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New research by the Drakesmith group and collaborators shows that BMP inhibitors are able to reverse the main untreatable symptom of the disease.

Scanning electron micrograph of bone, computer-coloured blue. © David Gregory & Debbie Marshall CC BY 4.0

The research, led by Dr Sarah Gooding, is an equal collaboration between the groups of Prof Hal Drakesmith at the MRC Human Immunology Unit (RDM) and the group of Prof Claire Edwards at NDORMS and the Nuffield Department of Surgical Sciences.

 

Untreatable symptom

Multiple myeloma is an incurable bone marrow cancer that affects terminally differentiated plasma cells (mature B cells).  Patients with myeloma suffer from bone pain, fractures and osteoporosis. These symptoms can be managed and limited, but not reverted.

Bone damage result from the cancer’s ability to manipulate the bone marrow environment. In a healthy individual, a delicate equilibrium exists between osteoclasts and osteoblasts. Osteoclasts are able to break down bone as part of healthy bone development and healing. Osteoblasts have the opposite function, and are activated when new bone is required. The fine balance between these two activities allows for bone mass to be maintained, whilst allowing for plasticity.

In myeloma patients, the resulting inflammatory environment disrupts this delicate balance, leading to excessive osteoclast activity and reduced osteoblast function. Current treatments are able to limit, but not reverse, this bone damage.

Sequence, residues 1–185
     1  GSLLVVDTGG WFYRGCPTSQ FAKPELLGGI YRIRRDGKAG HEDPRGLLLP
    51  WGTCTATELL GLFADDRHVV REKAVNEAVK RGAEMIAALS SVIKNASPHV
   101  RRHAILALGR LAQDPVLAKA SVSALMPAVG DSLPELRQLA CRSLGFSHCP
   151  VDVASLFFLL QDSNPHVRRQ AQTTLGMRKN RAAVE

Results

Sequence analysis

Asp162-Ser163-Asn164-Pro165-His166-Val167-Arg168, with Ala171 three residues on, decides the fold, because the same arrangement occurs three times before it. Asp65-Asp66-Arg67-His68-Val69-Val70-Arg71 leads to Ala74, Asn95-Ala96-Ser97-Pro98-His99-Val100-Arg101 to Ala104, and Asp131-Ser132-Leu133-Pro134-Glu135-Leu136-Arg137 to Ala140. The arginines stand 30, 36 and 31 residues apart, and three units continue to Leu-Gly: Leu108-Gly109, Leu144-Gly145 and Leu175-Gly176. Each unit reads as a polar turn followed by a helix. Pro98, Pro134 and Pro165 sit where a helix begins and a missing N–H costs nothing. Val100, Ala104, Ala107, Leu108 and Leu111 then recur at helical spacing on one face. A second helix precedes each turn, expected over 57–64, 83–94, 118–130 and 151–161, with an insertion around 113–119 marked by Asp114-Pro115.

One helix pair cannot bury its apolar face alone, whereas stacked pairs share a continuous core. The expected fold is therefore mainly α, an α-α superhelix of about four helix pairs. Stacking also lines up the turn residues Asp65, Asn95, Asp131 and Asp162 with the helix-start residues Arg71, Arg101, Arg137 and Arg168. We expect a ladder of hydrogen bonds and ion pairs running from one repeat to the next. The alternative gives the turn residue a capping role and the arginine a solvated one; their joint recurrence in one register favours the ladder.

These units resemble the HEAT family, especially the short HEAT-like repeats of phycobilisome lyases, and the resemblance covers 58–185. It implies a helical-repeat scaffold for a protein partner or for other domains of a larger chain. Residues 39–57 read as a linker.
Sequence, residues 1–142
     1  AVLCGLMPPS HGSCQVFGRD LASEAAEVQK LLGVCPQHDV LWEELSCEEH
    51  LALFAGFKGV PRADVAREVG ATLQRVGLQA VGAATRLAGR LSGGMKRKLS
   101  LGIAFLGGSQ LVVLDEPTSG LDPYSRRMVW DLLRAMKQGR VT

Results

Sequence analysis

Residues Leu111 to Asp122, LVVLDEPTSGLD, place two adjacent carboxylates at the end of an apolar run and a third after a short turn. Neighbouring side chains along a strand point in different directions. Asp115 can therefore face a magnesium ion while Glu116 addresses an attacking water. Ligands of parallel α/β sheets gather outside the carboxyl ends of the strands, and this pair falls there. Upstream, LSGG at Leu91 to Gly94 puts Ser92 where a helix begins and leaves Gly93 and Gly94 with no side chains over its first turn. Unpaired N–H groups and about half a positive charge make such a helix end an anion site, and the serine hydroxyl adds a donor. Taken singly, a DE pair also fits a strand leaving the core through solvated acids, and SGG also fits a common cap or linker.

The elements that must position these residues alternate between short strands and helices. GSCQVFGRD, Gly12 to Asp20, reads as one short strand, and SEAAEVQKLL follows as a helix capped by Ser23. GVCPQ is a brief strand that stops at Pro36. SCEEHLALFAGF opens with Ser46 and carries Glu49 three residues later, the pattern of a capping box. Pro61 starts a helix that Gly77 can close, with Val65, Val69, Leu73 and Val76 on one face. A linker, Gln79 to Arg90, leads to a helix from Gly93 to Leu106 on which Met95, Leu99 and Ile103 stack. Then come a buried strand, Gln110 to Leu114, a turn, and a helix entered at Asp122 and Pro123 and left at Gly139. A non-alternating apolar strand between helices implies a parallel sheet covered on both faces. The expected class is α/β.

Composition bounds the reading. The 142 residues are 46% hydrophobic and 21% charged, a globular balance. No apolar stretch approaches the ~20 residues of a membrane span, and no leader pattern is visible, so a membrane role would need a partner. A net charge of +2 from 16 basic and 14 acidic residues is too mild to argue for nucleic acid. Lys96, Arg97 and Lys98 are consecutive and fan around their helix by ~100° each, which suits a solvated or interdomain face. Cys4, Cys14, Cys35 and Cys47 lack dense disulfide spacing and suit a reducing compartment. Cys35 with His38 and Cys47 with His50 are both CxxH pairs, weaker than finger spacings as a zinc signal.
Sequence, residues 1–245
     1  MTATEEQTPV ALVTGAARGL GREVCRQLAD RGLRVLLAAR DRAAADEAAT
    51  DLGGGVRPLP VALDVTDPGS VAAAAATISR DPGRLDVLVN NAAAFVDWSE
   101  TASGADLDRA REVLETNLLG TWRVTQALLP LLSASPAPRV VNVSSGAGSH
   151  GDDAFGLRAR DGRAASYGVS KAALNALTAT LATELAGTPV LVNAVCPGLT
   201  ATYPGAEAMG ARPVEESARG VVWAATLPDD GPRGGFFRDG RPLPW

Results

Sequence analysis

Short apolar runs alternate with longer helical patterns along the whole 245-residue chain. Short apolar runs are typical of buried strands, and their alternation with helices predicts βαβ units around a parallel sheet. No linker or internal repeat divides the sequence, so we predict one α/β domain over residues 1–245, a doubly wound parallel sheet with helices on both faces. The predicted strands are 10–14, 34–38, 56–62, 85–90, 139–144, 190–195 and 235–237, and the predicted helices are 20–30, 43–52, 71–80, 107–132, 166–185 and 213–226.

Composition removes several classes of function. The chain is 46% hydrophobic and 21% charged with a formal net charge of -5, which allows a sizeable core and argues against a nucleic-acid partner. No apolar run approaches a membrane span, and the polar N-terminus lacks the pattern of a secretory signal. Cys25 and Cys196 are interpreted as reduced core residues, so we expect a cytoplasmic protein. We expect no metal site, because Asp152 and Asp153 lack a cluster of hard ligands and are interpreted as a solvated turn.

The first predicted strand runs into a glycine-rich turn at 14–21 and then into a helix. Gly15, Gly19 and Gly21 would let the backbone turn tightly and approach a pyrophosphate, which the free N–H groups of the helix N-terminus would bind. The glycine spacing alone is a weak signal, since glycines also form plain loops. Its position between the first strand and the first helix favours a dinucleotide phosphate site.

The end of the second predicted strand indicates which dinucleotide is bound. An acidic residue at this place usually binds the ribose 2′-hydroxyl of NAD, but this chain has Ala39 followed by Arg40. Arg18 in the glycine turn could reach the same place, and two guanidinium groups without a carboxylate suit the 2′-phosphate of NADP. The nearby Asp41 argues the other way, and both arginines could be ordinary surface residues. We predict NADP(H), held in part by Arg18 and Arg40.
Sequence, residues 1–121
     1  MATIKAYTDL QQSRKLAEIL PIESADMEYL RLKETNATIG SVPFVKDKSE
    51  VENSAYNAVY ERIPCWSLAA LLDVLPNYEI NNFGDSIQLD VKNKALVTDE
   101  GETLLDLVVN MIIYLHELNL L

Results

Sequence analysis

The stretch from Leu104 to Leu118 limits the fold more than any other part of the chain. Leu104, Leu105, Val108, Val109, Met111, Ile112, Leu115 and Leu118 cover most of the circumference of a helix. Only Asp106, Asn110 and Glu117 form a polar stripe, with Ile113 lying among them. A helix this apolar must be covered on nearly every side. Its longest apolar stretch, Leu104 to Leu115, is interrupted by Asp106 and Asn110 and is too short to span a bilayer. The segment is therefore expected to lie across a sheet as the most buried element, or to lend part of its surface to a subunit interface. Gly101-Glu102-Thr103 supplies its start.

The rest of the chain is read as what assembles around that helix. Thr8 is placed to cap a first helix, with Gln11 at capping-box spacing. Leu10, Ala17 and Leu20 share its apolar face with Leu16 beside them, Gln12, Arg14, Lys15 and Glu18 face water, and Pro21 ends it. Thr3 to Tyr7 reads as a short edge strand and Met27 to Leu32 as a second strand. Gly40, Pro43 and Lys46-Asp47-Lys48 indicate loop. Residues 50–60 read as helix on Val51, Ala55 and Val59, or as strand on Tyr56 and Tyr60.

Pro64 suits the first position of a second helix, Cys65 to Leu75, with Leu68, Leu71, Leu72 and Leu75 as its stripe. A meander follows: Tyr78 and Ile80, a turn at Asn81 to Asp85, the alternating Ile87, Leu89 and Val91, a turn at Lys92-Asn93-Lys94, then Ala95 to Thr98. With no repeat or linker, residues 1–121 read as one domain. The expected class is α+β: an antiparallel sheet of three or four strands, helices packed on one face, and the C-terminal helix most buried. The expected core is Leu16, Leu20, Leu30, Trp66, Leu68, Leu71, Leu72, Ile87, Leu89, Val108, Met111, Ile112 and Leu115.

New therapeutic target

Comparing the gene expression profile of bone-lining cells from myeloma-bearing versus healthy mice, the team showed that bone morphogenetic protein (BMP) signalling is upregulated in stromal progenitors, the cells that differentiate into osteoblasts. Using BMP signalling inhibitors, the team investigated whether blocking this signalling pathway could have a beneficial effect on bone loss. The researchers found that BMP signalling inhibition not only inhibited osteoclast activity (preventing further bone loss) but was also able to activate osteoblasts, restoring bone mass. The paper also describes the mechanism by which BMP signalling inhibition may have these positive effects.

"Although we have medicines in the clinic that inhibit osteoclast activity, and drugs such as anti-sclerostin antibodies which activate osteoblasts are in trial, there are no current therapies which have both these activities, as has been shown to be the case with BMP inhibitors here." said Dr Sarah Gooding "Such a therapy could have powerful bone-building potential, which is needed in the devastating bone damage caused by myeloma. However, the safety of such an approach in the context of cancers needs further investigation."

The paper was published in Nature Communications.